Lord King, who was the governor of the Bank of England during the Financial Crisis, has said Britain is in a good position to take on large amounts of debt despite going through 10 years of austerity.
Lord King, 72, said: “One of the benefits of being prudent in the last decade is that it is much easier to absorb a rise in the national debt.
“I don’t think we should worry today about the extent to which the national debt will rise, as long as we can get the economy back to function sooner rather than later.”
He added that “trial and error” would be needed to emerge from the lockdown.
He also stressed the importance of the government being transparent in what is a difficult time for businesses globally.
The crossbench peer said the Government should be “honest about the difficulties” of opening the UK for business.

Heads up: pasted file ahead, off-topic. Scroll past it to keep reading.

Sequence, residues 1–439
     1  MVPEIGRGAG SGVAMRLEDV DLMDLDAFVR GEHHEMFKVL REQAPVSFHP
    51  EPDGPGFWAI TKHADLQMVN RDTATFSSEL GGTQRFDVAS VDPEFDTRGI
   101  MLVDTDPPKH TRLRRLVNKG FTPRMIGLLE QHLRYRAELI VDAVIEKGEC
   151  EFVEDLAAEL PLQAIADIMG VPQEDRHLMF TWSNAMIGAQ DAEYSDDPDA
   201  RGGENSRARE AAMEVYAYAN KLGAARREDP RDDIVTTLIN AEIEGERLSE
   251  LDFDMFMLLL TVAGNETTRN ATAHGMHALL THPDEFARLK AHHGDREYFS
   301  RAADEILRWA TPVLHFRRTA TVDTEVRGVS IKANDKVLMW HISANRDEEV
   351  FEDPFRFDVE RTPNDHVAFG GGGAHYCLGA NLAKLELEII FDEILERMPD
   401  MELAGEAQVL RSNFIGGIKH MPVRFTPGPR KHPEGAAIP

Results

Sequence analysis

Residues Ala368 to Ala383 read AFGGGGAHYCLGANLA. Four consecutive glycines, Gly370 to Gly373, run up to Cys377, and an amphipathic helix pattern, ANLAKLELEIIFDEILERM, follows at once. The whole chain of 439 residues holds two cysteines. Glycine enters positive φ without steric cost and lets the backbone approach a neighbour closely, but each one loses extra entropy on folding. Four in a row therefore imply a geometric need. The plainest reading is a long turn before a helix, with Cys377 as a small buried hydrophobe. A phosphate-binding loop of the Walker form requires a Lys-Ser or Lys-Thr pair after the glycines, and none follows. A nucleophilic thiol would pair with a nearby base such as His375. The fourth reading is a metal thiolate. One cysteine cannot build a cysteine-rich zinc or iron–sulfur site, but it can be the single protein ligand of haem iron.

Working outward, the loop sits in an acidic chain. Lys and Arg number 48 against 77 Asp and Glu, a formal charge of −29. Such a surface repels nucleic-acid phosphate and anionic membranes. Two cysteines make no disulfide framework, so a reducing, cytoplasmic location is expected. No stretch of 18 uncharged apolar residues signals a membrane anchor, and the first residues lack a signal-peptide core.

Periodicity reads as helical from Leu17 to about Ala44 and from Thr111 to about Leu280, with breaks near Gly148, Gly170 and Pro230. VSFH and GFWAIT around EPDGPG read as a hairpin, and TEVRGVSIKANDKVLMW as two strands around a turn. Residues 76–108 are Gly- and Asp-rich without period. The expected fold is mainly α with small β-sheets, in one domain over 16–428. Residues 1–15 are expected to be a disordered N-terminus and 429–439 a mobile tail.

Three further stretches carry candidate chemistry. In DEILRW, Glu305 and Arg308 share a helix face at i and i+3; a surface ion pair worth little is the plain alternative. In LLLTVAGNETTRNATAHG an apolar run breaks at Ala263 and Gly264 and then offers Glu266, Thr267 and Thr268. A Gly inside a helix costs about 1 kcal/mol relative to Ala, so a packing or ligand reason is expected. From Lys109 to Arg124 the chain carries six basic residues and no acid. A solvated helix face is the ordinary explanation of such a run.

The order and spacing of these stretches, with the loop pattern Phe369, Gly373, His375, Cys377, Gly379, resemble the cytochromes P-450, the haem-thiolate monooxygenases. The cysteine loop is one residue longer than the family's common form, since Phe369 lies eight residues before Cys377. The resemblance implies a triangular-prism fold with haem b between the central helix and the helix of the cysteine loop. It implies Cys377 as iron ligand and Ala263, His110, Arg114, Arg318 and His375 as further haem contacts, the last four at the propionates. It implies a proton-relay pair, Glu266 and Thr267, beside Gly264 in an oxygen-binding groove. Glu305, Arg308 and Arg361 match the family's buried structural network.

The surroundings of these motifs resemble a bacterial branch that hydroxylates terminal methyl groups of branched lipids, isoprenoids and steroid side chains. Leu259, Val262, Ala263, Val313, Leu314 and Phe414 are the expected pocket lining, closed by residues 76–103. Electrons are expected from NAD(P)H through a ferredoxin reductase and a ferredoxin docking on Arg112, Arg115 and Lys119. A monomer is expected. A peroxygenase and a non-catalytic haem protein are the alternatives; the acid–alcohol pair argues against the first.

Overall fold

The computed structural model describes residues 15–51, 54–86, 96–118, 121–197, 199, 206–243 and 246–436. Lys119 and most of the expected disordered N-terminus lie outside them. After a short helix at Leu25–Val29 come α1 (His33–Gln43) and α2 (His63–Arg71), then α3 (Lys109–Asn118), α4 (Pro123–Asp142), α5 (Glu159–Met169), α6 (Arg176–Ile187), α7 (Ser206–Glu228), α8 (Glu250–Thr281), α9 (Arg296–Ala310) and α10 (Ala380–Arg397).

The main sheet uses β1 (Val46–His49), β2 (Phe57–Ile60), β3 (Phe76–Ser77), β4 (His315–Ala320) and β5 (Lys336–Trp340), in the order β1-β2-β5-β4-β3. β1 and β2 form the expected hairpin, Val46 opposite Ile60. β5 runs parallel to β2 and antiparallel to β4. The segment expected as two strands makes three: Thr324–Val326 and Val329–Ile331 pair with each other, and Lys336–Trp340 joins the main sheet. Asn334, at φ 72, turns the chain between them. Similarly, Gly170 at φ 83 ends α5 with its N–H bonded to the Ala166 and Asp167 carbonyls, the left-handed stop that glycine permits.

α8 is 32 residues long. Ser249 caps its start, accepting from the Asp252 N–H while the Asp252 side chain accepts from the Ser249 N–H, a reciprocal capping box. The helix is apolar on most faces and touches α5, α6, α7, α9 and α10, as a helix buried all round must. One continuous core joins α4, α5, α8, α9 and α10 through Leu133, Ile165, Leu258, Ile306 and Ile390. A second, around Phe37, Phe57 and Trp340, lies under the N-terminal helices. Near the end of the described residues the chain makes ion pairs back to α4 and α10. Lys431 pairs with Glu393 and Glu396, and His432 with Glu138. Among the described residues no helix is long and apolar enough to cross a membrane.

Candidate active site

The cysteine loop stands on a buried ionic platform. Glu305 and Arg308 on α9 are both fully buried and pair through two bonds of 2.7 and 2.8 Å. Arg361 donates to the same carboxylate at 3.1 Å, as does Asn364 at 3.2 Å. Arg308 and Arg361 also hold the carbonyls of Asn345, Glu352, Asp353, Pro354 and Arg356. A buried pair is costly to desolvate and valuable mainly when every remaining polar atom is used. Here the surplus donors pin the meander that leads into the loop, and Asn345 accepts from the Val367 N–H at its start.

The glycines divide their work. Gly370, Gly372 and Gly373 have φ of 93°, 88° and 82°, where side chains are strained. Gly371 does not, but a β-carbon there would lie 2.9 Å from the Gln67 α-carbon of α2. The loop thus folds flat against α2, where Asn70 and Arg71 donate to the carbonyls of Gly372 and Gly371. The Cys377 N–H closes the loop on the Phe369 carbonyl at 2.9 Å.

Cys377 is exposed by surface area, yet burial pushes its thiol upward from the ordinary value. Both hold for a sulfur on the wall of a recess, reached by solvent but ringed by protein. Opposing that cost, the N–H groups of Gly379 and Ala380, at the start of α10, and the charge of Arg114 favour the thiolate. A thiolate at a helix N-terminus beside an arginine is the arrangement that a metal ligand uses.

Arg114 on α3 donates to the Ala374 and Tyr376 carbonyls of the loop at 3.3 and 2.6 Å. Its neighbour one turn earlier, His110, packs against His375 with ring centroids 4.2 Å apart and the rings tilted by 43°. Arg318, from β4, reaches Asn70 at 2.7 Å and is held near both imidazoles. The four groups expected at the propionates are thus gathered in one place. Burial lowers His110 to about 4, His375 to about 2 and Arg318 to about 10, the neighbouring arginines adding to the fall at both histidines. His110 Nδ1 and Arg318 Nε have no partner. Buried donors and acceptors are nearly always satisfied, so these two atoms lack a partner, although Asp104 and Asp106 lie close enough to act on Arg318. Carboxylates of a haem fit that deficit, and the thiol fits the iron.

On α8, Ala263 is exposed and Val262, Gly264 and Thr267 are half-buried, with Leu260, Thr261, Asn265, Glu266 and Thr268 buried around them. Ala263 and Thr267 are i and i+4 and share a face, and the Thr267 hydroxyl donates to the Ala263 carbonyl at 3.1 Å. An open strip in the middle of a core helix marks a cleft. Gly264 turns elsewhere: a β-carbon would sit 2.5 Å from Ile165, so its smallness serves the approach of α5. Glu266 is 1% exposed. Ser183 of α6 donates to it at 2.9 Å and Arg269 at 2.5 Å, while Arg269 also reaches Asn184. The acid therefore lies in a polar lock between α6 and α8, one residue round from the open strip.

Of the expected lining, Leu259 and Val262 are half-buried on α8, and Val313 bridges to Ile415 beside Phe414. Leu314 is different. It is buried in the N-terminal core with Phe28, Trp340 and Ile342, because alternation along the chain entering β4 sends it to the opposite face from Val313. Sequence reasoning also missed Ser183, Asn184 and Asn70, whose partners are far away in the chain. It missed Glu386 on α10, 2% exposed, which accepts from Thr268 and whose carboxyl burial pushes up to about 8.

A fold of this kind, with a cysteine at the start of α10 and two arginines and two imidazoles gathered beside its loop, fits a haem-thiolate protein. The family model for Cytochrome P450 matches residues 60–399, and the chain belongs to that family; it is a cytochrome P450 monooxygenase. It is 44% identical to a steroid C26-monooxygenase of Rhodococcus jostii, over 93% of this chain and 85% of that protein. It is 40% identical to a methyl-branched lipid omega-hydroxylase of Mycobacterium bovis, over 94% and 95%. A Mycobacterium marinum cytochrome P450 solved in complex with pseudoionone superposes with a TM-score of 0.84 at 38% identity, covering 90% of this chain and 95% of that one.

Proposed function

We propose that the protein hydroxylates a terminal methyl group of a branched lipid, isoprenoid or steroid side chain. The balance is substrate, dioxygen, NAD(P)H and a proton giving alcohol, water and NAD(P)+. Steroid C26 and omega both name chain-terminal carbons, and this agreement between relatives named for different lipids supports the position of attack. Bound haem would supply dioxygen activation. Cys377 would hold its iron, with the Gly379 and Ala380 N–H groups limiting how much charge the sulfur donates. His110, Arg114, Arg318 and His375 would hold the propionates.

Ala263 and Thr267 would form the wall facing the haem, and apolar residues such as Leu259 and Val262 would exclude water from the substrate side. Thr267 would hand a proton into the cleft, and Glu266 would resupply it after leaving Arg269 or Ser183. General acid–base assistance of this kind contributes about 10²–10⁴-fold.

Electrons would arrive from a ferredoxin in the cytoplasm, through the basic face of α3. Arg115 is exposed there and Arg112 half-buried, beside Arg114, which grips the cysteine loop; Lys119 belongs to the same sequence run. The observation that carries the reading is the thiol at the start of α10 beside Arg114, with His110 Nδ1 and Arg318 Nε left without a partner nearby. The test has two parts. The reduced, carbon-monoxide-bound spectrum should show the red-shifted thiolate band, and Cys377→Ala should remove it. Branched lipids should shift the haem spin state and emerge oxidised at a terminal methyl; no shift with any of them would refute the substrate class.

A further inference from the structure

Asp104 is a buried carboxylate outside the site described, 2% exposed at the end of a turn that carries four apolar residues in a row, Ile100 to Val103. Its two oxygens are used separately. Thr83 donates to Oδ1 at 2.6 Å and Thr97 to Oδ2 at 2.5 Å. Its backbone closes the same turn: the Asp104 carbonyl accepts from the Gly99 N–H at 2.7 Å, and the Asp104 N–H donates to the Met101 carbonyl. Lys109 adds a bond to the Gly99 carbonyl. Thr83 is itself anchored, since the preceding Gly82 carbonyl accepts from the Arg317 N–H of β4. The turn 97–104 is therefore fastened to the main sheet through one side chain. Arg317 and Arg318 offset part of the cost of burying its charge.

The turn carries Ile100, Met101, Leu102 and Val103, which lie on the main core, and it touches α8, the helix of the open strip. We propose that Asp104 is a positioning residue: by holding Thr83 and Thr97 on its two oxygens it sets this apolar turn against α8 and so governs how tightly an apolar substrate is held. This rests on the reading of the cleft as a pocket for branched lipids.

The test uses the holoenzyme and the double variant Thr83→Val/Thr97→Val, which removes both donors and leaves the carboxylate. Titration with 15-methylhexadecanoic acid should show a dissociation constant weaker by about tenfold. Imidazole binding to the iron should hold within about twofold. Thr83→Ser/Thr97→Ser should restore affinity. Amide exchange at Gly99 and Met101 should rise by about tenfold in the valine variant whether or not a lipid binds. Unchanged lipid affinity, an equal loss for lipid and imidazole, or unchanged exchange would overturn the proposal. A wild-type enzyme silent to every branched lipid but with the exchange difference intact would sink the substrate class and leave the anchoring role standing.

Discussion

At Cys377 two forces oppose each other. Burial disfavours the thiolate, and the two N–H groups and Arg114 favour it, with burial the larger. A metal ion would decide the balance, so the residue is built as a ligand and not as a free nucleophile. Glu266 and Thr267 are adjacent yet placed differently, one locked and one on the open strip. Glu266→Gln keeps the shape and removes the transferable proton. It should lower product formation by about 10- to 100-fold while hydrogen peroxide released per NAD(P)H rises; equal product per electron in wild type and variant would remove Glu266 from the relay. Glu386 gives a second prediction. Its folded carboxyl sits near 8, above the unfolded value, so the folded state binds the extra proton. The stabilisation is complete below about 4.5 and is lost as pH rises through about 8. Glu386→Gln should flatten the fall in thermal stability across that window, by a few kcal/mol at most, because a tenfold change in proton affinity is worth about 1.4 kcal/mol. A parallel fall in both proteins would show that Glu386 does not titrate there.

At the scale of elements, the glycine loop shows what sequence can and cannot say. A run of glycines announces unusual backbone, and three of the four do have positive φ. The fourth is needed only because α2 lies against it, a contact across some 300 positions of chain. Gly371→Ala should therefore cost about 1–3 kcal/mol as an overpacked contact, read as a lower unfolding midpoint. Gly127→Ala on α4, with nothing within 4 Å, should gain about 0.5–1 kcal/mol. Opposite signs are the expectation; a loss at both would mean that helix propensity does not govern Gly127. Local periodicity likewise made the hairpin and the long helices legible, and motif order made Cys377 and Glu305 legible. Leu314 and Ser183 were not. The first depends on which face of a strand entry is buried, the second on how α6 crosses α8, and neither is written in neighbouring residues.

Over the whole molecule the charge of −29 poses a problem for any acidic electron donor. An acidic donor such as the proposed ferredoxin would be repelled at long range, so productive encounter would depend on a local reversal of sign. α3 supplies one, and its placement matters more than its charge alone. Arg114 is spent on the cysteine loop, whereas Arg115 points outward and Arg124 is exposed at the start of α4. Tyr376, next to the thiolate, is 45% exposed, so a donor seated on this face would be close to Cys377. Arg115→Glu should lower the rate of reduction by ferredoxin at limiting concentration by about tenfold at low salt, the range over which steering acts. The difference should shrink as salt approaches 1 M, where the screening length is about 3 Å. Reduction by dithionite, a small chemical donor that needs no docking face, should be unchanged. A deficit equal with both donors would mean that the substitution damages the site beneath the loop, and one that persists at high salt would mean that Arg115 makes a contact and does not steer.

He also said the reopening of schools and some businesses should be considered to help re-start the economy
He said “I don’t think it’s sensible to just tell us all to stay indoors.”
The former Bank of England governor previously said in a webinar session hosted by the Policy Exchange that he was surprised so many bank branches had closed.
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However, by suppressing activity, businesses are inevitably being impacted.
The chancellor previously announced a series of measures to ensure that companies don’t go bankrupt as a result of the pandemic.
These measures are also in place to compensate both employers and employees for lost earnings.
Rishi Sunak announced £330 billion of state-backed loans and pledged around £40 billion in grants, tax breaks and wages subsidies.
However, Mervyn King isn’t convinced the schemes are working as designed.
He called on banks to issue “clear instructions” to their staff and to ensure that businesses can walk into their local branch.
In explaining the importance of branches being open, he compared them to supermarkets to stress their essential nature.
Lord King described banks as “part of the essential emergency system to keep the economy going”.